Sir, Give Me This Water
by Jim Relyea on October 06, 2019
The woman said to him. “Sir give me this water so that I may never be thirsty or have to keep coming here to draw water.”
There are many distinctive images in this passage from the Gospel of John: Jesus is at a local well and meets a Samaritan woman. Samaritans were generally reviled by the Jews in those days, and women had little status. So, their meeting is both significant and symbolic. The woman comes to the well, as one suspects she does every day, to draw water and carry it home, a task essential to her family’s survival. In speaking with her, Jesus reveals, for the first time, that he is the messiah – the person foretold throughout the Old Testament, the one the world has been waiting for. He chooses this moment and this place to define his ministry as bringing God’s gift of new and eternal life to all who would believe and follow Him. Water is the essential element to all life, and Christ is
providing the essential element of eternal life. The woman asks Jesus to give her this water “so that I may never be thirsty or have to keep coming here to draw water.”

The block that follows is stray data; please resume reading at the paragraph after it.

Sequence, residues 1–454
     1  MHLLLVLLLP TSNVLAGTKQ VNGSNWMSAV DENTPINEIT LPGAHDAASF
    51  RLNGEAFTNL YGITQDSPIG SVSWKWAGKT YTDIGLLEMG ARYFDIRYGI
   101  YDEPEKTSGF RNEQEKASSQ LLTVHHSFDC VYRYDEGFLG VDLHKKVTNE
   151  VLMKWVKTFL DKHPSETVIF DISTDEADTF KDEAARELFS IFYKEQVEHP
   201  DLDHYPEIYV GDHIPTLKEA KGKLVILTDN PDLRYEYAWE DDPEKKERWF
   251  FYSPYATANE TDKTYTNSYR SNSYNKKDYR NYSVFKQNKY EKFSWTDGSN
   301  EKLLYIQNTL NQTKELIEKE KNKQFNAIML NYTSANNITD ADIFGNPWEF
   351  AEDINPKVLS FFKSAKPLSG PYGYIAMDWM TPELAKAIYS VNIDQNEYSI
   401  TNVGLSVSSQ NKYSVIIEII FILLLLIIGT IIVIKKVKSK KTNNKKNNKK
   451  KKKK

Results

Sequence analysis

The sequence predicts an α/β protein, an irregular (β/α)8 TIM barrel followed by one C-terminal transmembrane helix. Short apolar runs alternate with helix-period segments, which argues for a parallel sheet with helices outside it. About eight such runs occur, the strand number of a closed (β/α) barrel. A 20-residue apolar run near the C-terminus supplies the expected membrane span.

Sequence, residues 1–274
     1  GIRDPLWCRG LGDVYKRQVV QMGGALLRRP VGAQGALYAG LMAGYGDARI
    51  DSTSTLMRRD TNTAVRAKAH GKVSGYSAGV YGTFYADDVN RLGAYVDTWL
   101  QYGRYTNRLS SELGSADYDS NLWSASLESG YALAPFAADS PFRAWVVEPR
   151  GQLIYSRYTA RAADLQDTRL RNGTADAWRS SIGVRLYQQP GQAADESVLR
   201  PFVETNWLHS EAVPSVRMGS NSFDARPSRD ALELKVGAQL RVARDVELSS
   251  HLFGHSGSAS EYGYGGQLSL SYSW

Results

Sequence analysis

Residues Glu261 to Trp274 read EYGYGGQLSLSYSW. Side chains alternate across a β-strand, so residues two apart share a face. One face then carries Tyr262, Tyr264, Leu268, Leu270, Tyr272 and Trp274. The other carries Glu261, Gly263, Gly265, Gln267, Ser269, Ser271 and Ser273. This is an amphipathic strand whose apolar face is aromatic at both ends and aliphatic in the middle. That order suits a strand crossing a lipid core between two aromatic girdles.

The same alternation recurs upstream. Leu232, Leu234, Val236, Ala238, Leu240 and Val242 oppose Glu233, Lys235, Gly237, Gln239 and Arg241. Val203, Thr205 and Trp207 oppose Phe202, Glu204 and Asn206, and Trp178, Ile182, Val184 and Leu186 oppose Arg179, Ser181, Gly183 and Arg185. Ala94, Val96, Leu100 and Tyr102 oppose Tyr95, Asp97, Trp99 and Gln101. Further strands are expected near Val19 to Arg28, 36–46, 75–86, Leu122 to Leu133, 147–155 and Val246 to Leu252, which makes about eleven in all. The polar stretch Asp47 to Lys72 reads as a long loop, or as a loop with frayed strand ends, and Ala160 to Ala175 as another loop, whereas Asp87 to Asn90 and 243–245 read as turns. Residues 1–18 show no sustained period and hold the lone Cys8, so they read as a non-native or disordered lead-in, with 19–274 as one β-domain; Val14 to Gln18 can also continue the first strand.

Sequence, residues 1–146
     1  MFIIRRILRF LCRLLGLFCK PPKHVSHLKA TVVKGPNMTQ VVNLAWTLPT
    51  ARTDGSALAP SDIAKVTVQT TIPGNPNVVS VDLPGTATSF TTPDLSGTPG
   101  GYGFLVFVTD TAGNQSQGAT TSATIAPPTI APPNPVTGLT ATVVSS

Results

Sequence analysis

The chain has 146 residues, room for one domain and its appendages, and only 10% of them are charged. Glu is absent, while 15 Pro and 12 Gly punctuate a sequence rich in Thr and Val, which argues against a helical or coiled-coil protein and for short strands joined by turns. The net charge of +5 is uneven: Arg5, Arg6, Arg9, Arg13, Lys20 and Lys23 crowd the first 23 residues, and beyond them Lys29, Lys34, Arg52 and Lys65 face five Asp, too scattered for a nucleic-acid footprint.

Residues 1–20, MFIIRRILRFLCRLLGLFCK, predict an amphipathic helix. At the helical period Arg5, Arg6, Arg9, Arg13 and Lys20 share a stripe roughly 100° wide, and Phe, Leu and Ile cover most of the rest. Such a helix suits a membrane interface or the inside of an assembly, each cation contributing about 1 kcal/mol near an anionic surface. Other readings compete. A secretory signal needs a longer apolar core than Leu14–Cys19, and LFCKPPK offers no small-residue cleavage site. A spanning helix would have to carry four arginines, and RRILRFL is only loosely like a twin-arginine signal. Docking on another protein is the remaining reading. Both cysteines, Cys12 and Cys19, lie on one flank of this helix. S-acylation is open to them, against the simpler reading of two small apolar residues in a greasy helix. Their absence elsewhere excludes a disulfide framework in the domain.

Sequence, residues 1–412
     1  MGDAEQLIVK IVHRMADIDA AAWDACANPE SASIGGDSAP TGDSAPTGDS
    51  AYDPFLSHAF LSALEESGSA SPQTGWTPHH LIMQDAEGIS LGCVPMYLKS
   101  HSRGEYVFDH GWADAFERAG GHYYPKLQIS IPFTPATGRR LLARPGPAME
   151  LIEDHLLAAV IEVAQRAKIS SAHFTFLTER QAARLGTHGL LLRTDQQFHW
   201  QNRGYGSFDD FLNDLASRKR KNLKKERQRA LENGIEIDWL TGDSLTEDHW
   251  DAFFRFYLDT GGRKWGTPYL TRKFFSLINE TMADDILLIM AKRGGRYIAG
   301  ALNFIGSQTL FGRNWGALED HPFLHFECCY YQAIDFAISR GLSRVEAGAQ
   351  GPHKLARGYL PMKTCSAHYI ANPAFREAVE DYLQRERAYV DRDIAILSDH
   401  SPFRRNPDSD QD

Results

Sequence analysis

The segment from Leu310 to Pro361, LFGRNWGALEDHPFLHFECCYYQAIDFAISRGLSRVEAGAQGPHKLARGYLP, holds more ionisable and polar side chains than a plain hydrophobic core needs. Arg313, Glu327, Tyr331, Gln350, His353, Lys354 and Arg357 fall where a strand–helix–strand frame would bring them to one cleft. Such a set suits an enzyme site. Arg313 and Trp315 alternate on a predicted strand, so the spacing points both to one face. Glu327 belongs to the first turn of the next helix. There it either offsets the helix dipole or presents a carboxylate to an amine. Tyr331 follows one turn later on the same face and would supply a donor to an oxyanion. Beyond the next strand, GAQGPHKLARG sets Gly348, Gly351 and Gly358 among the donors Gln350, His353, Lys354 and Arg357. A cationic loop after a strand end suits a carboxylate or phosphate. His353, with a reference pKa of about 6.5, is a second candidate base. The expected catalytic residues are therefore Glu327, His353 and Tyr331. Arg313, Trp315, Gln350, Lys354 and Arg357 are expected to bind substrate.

We live in a world of transitory experience. Technology and modern culture have reduced most of what we do each day to abbreviated bursts of communication. The onslaught of media and sheer volume of information is overwhelming. But how much of it is meaningful? How much is lasting? Celebrity is too often mistaken for character.
Controversy and opinion are too often mistaken for truth. There seems to be little time for wisdom or deep understanding or spiritual awareness. And yet, one senses a yearning for just these things. We go to the well each day, but our thirst is never truly satisfied. We remain unfulfilled. The soul still longs to be with God.
Our faith journey can provide the opportunity for drinking of this water. Christ is the wellspring, available to us- all the time. His message is one of hope and peace and
reassurance. The operative word in His teachings is love. Living into His message brings grace and fulfillment. How amazing after two thousand years, one encounter at a local well could still mean so much.